Over the weekend I swatched 6 yarns. The first 4 swatches I really enjoyed; by the last two I was getting tired of swatching. If you recall, I did not choose these yarns to compare to each other, but rather to get familiar with them because they are in my stash or to find some DK weight yarns I like due to all the new patterns in DK. To that end, these are just my impressions – not really a review as I don’t feel I’ve knit with enough comparable yarns give an official review.
As it turned out, it was a nice sample of yarn weight and compositions. I wish I had done a sampling like this sooner.
Elsebeth Lavold Silky Wool: 45% wool, 35% silk 20% nylon; DK weight
My first thought was “I don’t know if I could knit a whole sweater at this gauge.” LOL. The yarn is dry, crispy, and has no noticeable give. I had felt a swatch at the yarn store so I knew there would be a dramatic difference after washing and there was. The washed swatch is much softer and has good drape. Despite my hesitance to tackle a whole sweater in DK weight, I would definitely use this yarn for a Summer weight garment.
Rowan Felted Tweed: 50% merino wool, 25% alpaca, 25% viscose; sport weight
While knitting the yarn felt sticky and itchy. The sticky makes sense as I’ve seen this used for colorwork, but I can’t fathom the itchy since the composition is Merino, Alpaca, and Rayon. Maybe it’s just the halo that gives the sensation of itch? After washing it’s softness factor is much improved and I look forward to using it in larger quantity (it feels soft in the ball too so I don’t know why it felt itchy while I was knitting). I love the Fyne Vest pattern from Rowan.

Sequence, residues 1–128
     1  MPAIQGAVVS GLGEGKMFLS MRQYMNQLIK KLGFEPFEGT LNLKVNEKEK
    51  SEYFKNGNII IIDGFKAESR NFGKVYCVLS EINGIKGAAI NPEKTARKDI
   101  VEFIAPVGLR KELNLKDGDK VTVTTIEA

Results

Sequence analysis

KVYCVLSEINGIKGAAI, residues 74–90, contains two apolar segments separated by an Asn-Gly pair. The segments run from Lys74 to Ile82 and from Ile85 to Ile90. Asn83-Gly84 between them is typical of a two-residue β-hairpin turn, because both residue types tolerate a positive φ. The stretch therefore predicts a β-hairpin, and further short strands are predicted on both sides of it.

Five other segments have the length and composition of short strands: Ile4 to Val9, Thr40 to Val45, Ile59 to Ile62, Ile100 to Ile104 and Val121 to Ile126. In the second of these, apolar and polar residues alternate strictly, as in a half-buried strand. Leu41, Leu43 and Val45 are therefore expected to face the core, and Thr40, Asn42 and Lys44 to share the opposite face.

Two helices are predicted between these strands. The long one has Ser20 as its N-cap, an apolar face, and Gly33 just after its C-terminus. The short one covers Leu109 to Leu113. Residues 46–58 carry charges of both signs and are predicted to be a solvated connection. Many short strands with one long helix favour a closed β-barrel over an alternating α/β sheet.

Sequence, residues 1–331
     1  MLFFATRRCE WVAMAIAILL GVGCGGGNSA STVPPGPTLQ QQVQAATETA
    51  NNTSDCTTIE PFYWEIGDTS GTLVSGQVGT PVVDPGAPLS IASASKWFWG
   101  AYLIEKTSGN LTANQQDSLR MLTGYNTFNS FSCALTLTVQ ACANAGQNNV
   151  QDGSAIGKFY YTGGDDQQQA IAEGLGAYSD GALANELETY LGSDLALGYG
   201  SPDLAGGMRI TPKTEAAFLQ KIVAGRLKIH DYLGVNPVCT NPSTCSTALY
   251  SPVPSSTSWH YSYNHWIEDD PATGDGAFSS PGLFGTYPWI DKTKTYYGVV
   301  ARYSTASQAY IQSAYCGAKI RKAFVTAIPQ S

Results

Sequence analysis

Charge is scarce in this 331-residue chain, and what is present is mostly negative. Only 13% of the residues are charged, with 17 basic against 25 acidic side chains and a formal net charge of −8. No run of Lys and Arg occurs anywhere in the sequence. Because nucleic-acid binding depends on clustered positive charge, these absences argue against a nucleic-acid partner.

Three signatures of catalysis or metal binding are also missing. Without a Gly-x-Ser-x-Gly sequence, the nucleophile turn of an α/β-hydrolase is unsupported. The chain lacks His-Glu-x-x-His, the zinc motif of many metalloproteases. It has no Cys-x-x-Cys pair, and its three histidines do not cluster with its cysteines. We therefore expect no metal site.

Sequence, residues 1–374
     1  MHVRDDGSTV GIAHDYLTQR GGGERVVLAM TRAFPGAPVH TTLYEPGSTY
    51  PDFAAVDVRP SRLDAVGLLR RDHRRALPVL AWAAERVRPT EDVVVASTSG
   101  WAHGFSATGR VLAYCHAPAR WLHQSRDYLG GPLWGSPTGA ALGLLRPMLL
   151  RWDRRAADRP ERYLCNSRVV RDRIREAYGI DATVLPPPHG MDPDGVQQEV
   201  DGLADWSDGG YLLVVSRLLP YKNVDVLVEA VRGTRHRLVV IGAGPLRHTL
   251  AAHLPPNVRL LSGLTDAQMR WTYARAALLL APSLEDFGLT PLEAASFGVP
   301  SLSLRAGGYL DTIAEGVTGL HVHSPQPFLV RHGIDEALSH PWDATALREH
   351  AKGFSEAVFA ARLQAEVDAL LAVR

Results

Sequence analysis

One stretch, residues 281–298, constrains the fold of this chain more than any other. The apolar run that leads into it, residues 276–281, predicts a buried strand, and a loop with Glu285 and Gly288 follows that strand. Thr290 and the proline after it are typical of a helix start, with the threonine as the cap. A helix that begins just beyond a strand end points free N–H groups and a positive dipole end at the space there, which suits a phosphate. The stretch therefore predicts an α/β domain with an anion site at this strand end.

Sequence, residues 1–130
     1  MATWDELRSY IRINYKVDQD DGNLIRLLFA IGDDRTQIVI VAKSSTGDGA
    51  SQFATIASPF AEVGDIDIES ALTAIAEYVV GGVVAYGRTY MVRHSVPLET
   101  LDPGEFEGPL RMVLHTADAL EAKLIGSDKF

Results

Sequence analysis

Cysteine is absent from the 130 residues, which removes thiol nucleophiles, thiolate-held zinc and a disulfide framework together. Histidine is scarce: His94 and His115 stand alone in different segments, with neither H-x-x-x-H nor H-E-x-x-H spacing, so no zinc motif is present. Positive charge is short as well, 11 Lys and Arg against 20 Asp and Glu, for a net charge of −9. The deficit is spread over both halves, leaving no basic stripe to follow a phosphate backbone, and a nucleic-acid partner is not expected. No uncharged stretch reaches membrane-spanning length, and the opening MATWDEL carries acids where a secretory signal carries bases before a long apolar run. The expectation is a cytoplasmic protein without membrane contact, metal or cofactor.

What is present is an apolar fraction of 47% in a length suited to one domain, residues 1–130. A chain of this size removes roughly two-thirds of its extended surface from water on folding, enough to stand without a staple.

Misti Alpaca Worsted: 100% alpaca; says worsted weight, but seems DK
My first attempt at using this yarn was very frustrating. I was knitting it too tightly and it has no give so it was difficult to move the stitches along the needle. That project was frogged a few rows in. Then I made the Fishbone Lace Cowl which was successful, but I had never really swatched this yarn. In the swatch I really liked it! It’s so soft and, even in this dark color, it has a nice sheen.
Rowan Wool Cotton: 50% merino wool, 50% cotton; DK weight
I like how this feels as I knit. It seems like it would be nice for a summery top since it’s only 50% wool. When I first started on the 3.75 mm needle it felt too small for the yarn, but after a few rows it felt fine. I could see this being appropriate for a Summer vest.
Rowan All Seasons Cotton: 60% cotton, 40% acrylic; aran weight
I had trouble tensioning this yarn. It wants to knit too tight which makes the next row tight. Then I even out again and it feels okay to knit. Tried to swatch on 4.5 mm, bagged that as it just felt too tight. I think I would become accustomed to this yarn as I knit it, but I didn’t find it that pleasant to swatch.
I washed my swatch by hand, did not let it soak, and then dried it on the heater vent. It looked the same as before washing. I have 20 skeins of this yarn in my stash so I will be knitting *something* more in it, but I still don’t know how I feel about it.
Plymouth Tweed: 100% wool; worsted weight
This feels nice and sticky after I finished knitting with Rowan ASC. This is definitely wool – sticky, stretchy. Visually it does not appear to have a thick/thin quality, but when knitting you feel it. I did have a bit of trouble splitting the two main plies of yarn as I knit, but I think this would lessen as I found my rhythm with the yarn.
I LOVE the colors of the flecks paired with the main color. To get even stitches, I think I’d have to knit this on the larger needle that I swatched in (5.5 mm) so I could pull a bit more. This would be very suited to a warm, rustic Winter garment.
Overall, I’m very glad I did this. I feel that I have a lot of experience with a small subset of yarns and it was time to broaden my range. Plus it sure makes sense to try a skein or two before buying a sweaters worth of any yarn.
If you’re wondering what I’m going to knit with the yarns now that I know how they swatch, I have to say I haven’t figured it out yet.